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Project

WTimpact: The influence of collaborative knowledge development on attitudes and emotions

Working groupKnowledge Construction Lab
Duration09/2017–02/2021
FundingFederal Ministry of Education and Research
Project description

Whether it is record disks, pay back points, or garden gnoms: More than 50% of the citizens in Germany collect something. In so-called Citizen Science projects, citizens are increasingly collecting data about e.g. wildlife. Yet, little was known so far about the success factors of these projects. Therefore, the aim of the WTimpact project was to investigate how to optimally design Citizen Science projects.


Scientists and citizens are increasingly working together which is called Citizen Science. Citizen Science projects should help scientists gather data and information. Simultaneously, these projects should also help citizens gather knowledge about the research topic and scientific research process.


Until now, little was known about the influence of Citizen Science projects on its participants. Therefore, this research project “WTimpact: Collaborative knowledge creation as transfer instrument – from knowledge transfer to knowledge exchange” aimed to learn more about such influences. These new findings were intended to help design Citizen Science projects so that participants profit optimally from them.


The subproject of the IWM investigated (1) how citizen scientists have experienced their participation in the Best-Practice examples (monitoring of terrestrial mammals and bats, and air quality in the city), (2) how citizen scientists have perceived these topics, and (3) what citizen scientists have taken home from their participation. Questionnaires were first developed and then tested in field studies as well as laboratory studies. The laboratory studies showed that a high degree of participation elicited ownership (i.e., the feeling to own the project) and, thereby, increased intentions to participate in Citizen Science projects. They also demonstrated that compassion for distressed wildlife increased future participation intentions. The whole joint research project developed a transfer instrument together, that is, an online platform. Finally, the findings from all subprojects were combined and recommendations for the application of the transfer instrument in other knowledge contexts were formulated at the end of the project.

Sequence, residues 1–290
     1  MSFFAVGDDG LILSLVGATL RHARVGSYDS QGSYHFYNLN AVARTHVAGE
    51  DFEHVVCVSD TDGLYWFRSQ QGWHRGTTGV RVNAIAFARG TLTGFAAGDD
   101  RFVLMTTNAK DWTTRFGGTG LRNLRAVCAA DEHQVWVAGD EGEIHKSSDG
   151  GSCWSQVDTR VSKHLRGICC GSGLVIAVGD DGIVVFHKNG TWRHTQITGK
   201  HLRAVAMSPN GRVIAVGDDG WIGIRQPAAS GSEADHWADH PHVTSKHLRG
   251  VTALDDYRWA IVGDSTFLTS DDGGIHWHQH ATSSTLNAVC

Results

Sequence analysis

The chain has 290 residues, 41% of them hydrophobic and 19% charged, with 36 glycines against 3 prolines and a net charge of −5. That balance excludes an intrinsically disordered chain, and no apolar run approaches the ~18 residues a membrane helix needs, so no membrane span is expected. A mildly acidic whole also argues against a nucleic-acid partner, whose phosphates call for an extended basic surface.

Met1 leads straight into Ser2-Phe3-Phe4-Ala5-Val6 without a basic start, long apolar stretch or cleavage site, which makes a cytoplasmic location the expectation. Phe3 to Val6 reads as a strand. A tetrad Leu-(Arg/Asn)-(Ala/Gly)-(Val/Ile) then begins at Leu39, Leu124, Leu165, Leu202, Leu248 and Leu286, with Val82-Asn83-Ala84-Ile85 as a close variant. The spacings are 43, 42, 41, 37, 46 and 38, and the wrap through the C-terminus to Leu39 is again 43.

Cooperations

Leibniz Institute for Zoo and Wildlife Research

Leibniz Institute for Science and Mathematics Education

Leibniz Institute for Tropospheric Research

Publications

Greving, H., & Kimmerle, J. (2021). You poor little thing! The role of compassion for wildlife conservation. Human Dimensions of Wildlife, 26(2), 115-131. https://dx.doi.org/10.1080/10871209.2020.1800146
 

Straka, T. M., Greving, H., & Voigt, C. C. (2021). The effects of bat photographs on emotions, attitudes, intentions, and wildlife value orientations. Human Dimensions of Wildlife, 26(6), 596-603. https://dx.doi.org/10.1080/10871209.2020.1864068 request document
 

Greving, H., & Kimmerle, J. (2020). Better to be informed: Threatening bats increase recall of information. Human Dimensions of Wildlife, 25(1), 94-99. https://dx.doi.org/10.1080/10871209.2020.1691685
 

Greving, H., Bruckermann, T., & Kimmerle, J. (2020). This is my project! The influence of involvement on psychological ownership and wildlife conservation. Current Research in Ecological and Social Psychology, 1, Article 100001. https://dx.doi.org/10.1016/j.cresp.2020.100001 Open Access